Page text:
• Research and development tax incentive: frequently asked questions

    Introduction

    The research and development (R&D) tax incentive provides a targeted tax offset to encourage certain companies (R&D entities) to conduct R&D activities that benefit Australia.

    The program is jointly administered by AusIndustry (on behalf of Innovation Australia) and us. It replaced the R&D tax concession for income years beginning on or after 1 July 2011.

    To help you to work out your eligibility for the R&D tax incentive and the amount that is taken into account in determining your R&D tax offset, we have provided answers to frequently asked questions about:

    • Substituted accounting periods
      • The R&D tax incentive applies to income years beginning on or after 1 July 2011.
      • If your 2012 tax return is for a substituted accounting period beginning before 1 July 2011, you are unable to claim the R&D tax incentive in your 2012 tax return; however, if you have conducted R&D activities and meet the eligibility requirements for the R&D tax concession, you can claim the R&D tax concession for that year.
      • The answers to these frequently asked questions help you in working out whether to claim the R&D tax incentive or R&D tax concession for your 2012 income year.
      • The answers also provide information about how you can claim the R&D tax concession on your 2012 tax return.
       
    • Payments to associates
      • R&D entities can only obtain the R&D tax incentive offset for expenditure they incur to an associate when they pay the amount.
      • If you incur an amount of expenditure to an associate and you pay the amount in the same year, you can take this amount into account when working out your R&D tax offset in that year (if you meet all other eligibility requirements for the R&D tax incentive).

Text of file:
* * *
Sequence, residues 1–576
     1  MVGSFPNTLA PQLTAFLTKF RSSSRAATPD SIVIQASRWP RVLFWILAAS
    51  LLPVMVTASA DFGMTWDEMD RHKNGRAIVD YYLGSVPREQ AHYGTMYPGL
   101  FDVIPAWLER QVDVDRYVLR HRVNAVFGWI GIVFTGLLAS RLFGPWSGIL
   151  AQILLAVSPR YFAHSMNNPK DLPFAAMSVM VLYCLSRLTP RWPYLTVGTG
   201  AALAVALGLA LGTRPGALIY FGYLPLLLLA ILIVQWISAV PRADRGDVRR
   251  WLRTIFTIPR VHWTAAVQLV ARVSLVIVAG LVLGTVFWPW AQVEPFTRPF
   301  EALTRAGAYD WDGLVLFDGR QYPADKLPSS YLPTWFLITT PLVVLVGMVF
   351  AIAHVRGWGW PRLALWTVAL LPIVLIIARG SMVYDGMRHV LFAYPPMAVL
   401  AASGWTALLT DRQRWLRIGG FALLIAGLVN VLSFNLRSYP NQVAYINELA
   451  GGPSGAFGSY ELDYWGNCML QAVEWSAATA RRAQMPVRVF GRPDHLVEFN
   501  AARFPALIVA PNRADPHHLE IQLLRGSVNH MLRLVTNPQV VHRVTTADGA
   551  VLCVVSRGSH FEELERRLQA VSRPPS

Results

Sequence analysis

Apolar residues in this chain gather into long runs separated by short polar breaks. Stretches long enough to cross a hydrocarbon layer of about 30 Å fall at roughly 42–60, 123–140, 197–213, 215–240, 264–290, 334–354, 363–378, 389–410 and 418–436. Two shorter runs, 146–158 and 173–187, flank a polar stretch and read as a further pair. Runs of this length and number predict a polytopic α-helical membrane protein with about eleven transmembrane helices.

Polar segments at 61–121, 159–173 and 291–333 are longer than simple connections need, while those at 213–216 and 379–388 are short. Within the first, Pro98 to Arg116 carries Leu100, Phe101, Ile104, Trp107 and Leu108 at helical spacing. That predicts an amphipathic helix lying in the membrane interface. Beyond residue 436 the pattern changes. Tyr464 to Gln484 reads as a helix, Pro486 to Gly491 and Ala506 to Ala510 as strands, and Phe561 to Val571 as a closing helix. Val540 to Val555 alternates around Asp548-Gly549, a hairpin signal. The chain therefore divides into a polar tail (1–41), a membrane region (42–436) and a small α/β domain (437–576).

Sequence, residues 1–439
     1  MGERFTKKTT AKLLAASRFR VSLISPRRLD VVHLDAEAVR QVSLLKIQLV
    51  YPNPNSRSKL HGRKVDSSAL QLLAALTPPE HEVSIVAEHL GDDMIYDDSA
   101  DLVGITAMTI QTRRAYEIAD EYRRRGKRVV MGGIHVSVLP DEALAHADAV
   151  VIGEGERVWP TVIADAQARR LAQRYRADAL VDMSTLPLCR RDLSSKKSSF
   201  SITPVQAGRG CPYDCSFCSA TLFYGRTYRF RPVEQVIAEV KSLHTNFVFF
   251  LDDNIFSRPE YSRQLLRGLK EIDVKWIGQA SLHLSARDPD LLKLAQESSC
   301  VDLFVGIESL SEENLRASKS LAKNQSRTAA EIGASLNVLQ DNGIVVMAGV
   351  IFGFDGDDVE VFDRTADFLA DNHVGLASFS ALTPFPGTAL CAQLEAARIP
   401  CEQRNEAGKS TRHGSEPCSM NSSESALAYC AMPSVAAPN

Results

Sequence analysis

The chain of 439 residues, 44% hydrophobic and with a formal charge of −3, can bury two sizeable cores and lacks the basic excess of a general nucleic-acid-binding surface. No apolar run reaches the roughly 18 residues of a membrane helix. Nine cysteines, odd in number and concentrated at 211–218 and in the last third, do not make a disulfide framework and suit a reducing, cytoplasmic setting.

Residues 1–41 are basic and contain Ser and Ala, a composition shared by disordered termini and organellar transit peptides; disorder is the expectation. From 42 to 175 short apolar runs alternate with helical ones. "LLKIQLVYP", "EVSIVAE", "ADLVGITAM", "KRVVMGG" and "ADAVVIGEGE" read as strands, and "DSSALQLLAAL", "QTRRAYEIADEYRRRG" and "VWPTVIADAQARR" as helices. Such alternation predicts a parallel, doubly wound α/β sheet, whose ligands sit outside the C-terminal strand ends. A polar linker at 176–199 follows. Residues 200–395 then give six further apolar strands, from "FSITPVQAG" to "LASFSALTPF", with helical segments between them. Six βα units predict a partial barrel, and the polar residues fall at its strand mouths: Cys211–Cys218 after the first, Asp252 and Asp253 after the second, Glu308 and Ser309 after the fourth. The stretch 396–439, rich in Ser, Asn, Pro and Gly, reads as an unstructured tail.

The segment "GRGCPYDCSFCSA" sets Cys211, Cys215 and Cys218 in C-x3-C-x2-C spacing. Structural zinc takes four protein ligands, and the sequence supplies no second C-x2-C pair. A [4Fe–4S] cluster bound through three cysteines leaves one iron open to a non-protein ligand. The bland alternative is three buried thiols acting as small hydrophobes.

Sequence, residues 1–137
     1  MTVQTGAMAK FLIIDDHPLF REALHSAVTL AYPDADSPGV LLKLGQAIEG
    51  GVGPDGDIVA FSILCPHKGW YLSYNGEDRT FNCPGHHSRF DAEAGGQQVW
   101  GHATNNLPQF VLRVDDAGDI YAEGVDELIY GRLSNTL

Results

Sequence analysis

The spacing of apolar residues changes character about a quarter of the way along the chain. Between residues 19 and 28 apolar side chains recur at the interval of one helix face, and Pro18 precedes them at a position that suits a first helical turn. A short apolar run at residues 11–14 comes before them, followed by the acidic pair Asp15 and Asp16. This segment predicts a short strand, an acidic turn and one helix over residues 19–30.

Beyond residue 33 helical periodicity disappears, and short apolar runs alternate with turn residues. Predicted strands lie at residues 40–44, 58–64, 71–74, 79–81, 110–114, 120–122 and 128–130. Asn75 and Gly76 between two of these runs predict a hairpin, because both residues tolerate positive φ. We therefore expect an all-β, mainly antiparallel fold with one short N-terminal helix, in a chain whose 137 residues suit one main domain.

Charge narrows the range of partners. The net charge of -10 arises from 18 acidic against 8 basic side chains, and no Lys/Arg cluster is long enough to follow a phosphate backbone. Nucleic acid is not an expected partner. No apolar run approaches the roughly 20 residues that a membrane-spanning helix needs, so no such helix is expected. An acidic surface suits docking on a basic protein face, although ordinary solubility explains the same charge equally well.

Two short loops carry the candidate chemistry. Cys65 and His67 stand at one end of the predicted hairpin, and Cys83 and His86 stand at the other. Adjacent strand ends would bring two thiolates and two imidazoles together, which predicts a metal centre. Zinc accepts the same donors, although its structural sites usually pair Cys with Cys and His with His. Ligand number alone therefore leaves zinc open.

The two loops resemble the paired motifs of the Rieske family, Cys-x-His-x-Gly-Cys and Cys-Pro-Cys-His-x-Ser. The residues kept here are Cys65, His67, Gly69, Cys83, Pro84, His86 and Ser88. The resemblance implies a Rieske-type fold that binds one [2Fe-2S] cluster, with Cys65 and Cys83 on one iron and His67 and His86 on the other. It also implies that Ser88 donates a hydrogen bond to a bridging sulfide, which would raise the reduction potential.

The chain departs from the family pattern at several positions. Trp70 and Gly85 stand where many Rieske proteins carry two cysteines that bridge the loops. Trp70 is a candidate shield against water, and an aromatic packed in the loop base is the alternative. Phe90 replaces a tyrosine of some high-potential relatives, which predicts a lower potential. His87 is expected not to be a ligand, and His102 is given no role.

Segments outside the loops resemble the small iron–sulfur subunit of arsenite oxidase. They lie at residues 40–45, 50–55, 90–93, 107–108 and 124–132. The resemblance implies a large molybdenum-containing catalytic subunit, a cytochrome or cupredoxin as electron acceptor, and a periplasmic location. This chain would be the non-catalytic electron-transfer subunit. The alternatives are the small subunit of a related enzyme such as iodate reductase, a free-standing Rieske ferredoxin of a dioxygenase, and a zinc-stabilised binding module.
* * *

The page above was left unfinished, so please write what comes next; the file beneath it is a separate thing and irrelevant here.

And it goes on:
• These frequently asked questions help to clarify the application of these rules in the context of some common business practices.
       
    • Deductibility of R&D expenditure under other provisions
      • If an amount is eligible to be claimed under the R&D tax incentive, you must claim it under Division 355 of the Income Tax Assessment Act 1997 (ITAA 1997).
      • The answer to the frequently asked question explains this rule further.
       
    • Deferred franking debits
      • The R&D refundable tax offset generates a franking debit that is effectively deferred.
      • Generally, a franking debit arises in your entity's franking account when you receive a refund of income tax which includes a refunded amount from a tax offset.
      • To prevent the franking debit triggered by the receipt of the refundable R&D tax offset from reducing the offset's benefit, the franking debit is effectively deferred.
      • The answer to the frequently asked question explains this further.
       
      Last modified: 31 Aug 2012QC 25268